Emotional Layers – Functioning in a COVID19 world has rolled out in emotional layers for people, albeit in different ways depending on whether you were categorized as a remote worker in quarantine or as an essential worker (some may even be both). This week has ripped off another layer. Initially teams rallied based on the adrenaline rush of the immediate need for change. You rose to the occasion and successfully created new ways of meeting remotely via video or designed a new protocol for safely entering your home after a day at an essential worksite. This - dare I say novel - way of operating has lost its luster and our human condition has begun to show the signs of erosion and burn out. Whether you are working remotely, or at a worksite, both are isolating in ways our bodies and minds are neither used to or wired for. Organizations will, if not already, begin to feel the extensive weight of human beings at the limits of their stress capacity. Those who have had practice building resilience in other areas of their lives may be able to cope better than those who have not built the sturdy emotional core needed for challenging, ambiguous and uncertain times. To gauge your team’s resiliency ask members to fill in the blank: “Compared to how I felt four months ago, I find myself experiencing”: difficulty concentrating, loss of interest in things I used to enjoy, feeling hopeless about my future, feeling distant from others, feeling irritable or angry, all of the above, none of the above. Being able to take some time for reflection to gain awareness and perspective while hearing from others, so you know you’re not alone, is the starting point to building resiliency. Here are more tips on Building a Resilient Organization; additionally, we stand ready to support you with a virtual training experience on the benefits of Realizing Resilience.
Take a Breath. Differently - This is a tactical tip for times when you feel stressed, would like to be more relaxed, or need help falling asleep. Try different breathing patterns! One common breath pattern is Box Breathing, which is used by Navy SEALs to improve breath control, and has proven, measurable results in reducing stress and improving mood. Box Breathing rotates through these steps after exhaling completely: Step 1: Inhale fully over 4 seconds. Step 2: Hold your breath for 4 seconds. Step 3: Exhale fully for 4 seconds. Step 4: Hold your breath for 4 seconds. Repeat. Another pattern invented by Dr. Andrew Weil is called 4-7-8 breathing. After exhaling completely, inhale through the nose for 4 seconds, hold the breath for 7 seconds, exhale forcefully through the mouth for 8 seconds. Repeat up to 4 times. Among a slew of other wonderful benefits this can significantly reduce the feeling of anxiety because a long outbreath tricks the autonomic nervous system into recognizing a calm state of consciousness. A more in-depth explanation can be found here: 4-7-8 Breathing with Dr. Weil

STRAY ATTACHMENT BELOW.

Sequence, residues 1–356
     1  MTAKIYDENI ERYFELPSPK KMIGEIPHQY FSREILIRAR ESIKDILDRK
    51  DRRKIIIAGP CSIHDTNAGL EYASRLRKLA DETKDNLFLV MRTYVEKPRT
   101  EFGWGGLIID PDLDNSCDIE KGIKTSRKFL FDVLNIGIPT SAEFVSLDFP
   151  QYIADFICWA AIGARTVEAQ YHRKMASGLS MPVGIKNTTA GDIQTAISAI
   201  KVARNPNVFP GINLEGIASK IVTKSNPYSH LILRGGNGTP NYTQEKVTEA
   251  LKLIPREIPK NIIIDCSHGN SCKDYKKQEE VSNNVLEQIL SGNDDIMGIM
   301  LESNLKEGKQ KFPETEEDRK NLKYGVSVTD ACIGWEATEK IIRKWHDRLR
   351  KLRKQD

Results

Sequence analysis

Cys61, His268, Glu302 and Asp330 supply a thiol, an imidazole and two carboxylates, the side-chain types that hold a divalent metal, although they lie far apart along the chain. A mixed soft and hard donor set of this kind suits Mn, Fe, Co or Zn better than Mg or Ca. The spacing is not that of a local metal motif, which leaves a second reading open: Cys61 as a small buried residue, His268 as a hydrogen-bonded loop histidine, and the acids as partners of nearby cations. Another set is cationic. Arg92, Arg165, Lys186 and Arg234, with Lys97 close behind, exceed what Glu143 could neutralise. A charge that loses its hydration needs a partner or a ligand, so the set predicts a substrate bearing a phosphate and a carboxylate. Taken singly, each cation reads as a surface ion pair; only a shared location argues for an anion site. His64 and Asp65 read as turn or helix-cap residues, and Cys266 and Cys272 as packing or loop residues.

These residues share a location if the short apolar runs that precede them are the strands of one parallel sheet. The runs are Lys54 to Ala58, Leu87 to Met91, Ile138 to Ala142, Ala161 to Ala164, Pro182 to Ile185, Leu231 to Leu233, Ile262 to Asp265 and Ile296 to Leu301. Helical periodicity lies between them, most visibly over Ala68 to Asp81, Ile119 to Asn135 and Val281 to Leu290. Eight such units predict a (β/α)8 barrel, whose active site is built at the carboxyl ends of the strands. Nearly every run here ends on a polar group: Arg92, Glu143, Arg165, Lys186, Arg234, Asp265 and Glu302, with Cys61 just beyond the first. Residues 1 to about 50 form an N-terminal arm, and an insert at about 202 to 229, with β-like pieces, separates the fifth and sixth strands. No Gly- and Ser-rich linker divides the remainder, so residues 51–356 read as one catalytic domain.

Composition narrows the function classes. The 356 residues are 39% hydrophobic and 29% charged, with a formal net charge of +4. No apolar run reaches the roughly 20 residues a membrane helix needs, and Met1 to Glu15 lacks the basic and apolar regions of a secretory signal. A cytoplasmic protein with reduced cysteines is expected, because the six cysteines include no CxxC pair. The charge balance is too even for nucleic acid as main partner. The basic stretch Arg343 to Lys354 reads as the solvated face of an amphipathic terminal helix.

Thing 3 - This week’s collaboration video comes from The Juilliard School, a world leader in performing arts education. They asked, “What can we do together even while we are alone?” Enjoy their work and spot just a few of their famous alumni (Yo-Yo Ma, Bradley Whitford, and more). Bolero Juilliard
Please let us know if you find any of these to be helpful and share how you put them into practice. Also, if you have a tip to offer, let us know and we will include it in a future email or video.
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May You Be Well –
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